With the known disadvantages of simple sugar consumption among individuals with diabetes mellitus, non-nutritive sweeteners (NNS) initially appeared to provide an alternative that would allow such groups to enjoy the experience of sweetness without putting their metabolic health at risk.
The advent of NNS has seen a large proportion of non-diabetics jump on the bandwagon. A new study published in Nutrients examines the extent of NNS use among non-diabetic Brazilian adults.
NNS are also called dietary sweeteners and provide a sugar-free alternative when sweetness needs to be added to food. They comprise both natural and artificial sweeteners and were initially considered medicines. In Brazil, they were classified as drugs registered under the Ministry of Health.
At present, they are registered as dietary foods and are available in a multitude of products, from beverages and foods to supplements and hygiene products. This has made them widely available to the population.
However, the World Health Organization (WHO) recently recommended that NNSs not be used to reduce weight, cardiovascular disease, or other metabolic disease risks.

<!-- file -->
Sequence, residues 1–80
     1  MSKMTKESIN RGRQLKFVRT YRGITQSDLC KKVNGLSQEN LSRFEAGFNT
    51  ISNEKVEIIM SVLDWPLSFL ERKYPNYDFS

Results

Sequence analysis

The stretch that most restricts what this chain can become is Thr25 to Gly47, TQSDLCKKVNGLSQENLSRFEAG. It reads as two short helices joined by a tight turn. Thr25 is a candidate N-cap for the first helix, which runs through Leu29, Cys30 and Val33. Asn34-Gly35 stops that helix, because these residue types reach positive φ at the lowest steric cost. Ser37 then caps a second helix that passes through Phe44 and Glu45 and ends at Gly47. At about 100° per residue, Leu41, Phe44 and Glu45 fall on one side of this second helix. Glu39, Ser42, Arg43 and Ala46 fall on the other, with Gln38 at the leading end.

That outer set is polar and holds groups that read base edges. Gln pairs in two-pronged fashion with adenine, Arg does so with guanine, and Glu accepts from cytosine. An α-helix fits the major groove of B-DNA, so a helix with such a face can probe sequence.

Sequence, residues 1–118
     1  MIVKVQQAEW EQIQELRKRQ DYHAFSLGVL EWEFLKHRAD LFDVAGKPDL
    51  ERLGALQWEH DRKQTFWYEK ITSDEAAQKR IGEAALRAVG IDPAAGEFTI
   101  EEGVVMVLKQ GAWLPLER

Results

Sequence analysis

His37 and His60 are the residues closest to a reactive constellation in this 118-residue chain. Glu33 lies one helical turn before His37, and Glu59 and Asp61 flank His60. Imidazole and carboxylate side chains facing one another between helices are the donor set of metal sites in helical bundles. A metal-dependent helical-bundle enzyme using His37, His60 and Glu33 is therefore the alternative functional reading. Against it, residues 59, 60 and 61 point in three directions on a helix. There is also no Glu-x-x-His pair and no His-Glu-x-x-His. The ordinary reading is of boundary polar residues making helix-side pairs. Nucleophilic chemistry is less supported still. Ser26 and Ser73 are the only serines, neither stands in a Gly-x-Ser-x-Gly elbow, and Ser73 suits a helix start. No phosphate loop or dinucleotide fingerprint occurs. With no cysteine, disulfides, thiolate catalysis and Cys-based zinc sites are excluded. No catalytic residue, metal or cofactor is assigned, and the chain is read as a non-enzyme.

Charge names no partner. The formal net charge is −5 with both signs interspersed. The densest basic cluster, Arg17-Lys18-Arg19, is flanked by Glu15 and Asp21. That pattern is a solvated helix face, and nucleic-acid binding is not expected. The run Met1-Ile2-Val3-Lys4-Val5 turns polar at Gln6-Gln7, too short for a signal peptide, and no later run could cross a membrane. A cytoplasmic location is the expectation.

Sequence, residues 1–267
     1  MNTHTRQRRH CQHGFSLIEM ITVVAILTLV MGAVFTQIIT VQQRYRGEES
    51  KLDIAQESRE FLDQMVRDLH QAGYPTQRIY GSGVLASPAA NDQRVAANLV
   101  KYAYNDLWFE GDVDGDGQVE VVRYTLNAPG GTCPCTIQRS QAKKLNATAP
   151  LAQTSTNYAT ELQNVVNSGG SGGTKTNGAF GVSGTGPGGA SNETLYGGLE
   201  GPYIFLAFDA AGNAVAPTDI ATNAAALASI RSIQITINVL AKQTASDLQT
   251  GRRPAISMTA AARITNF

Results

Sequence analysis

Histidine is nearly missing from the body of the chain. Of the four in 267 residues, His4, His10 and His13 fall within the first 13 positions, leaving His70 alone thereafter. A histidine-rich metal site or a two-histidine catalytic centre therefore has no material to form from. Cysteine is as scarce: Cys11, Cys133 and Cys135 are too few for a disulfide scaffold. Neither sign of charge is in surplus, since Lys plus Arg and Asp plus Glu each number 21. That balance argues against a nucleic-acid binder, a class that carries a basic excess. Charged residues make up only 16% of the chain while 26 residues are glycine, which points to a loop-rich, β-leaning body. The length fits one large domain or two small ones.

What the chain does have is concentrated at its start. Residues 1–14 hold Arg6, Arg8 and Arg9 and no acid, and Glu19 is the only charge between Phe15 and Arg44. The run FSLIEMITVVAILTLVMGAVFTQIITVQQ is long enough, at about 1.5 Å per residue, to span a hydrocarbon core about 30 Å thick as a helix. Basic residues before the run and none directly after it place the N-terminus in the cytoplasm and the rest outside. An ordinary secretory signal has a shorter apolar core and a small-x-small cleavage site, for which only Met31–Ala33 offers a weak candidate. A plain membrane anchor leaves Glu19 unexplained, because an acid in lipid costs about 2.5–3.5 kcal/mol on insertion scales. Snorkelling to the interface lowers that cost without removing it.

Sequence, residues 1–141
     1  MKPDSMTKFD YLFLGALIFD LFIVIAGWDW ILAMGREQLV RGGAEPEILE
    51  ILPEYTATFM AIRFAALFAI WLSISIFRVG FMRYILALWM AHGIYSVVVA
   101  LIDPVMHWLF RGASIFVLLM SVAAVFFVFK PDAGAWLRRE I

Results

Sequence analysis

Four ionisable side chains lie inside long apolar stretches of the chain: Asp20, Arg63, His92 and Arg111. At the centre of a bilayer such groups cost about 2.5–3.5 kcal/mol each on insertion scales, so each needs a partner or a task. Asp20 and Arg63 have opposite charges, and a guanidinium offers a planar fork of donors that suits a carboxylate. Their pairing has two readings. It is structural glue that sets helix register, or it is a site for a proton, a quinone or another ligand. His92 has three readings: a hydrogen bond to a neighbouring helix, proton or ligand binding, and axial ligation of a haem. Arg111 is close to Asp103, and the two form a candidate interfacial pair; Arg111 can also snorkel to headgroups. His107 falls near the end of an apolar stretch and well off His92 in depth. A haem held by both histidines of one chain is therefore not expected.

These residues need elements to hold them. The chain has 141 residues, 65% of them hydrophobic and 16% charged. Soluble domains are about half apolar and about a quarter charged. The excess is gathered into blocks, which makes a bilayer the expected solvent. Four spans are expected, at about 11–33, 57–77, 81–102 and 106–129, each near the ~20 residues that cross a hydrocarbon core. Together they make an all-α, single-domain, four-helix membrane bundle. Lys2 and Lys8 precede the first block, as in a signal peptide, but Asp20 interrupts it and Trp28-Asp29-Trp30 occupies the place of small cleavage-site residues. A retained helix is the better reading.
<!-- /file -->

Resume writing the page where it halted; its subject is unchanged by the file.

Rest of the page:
This has put the onus on health authorities to identify NNS users and reduce their consumption. The current study aimed, therefore, to estimate the regular usage rate of NNS among the non-diabetic adult population in Brazil.
The study drew data from the Longitudinal Study of Adult Health (ELSA-Brasil). This is part of a multicenter cohort comprising over 15,000 public servants between the ages of 35 and 74 years. These are thus highly educated and financially well-off individuals, belonging to six institutes for higher education and research in Brazil.
There were over 9,000 individuals in the study, none of whom were diabetic at baseline. The question asked was whether NNS was used at least once a day. The data came from 2008-2010.
What did the study show?
About 55% of the participants were white, with 40% being between 45 and 54 years of age. Just over half the sample were females, of whom ~31% used NNS. Four out of ten participants were overweight, as classified by the body mass index (BMI).
Two-thirds of those with a high BMI did not have a family member with diabetes, and the same proportion had normal blood pressure. As expected, over 60% were highly educated, with 40% earning more than twice the minimum wage.
About eight in ten participants drank alcohol, while about 40% smoked. Almost 80% were sedentary.
The researchers found that over a quarter of the sample consumed NNS regularly, that is, once a day or more. The risk factors for increased odds of regular NNS usage included increasing age, higher income, higher education levels, and BMI.
Women were twice as likely to use NNS regularly compared to men. Those with a higher educational level were 80% more likely to use NNS regularly compared to those with an elementary education. The same increased odds applied to those with a higher income (two times the minimum wage vs up to one times the minimum wage).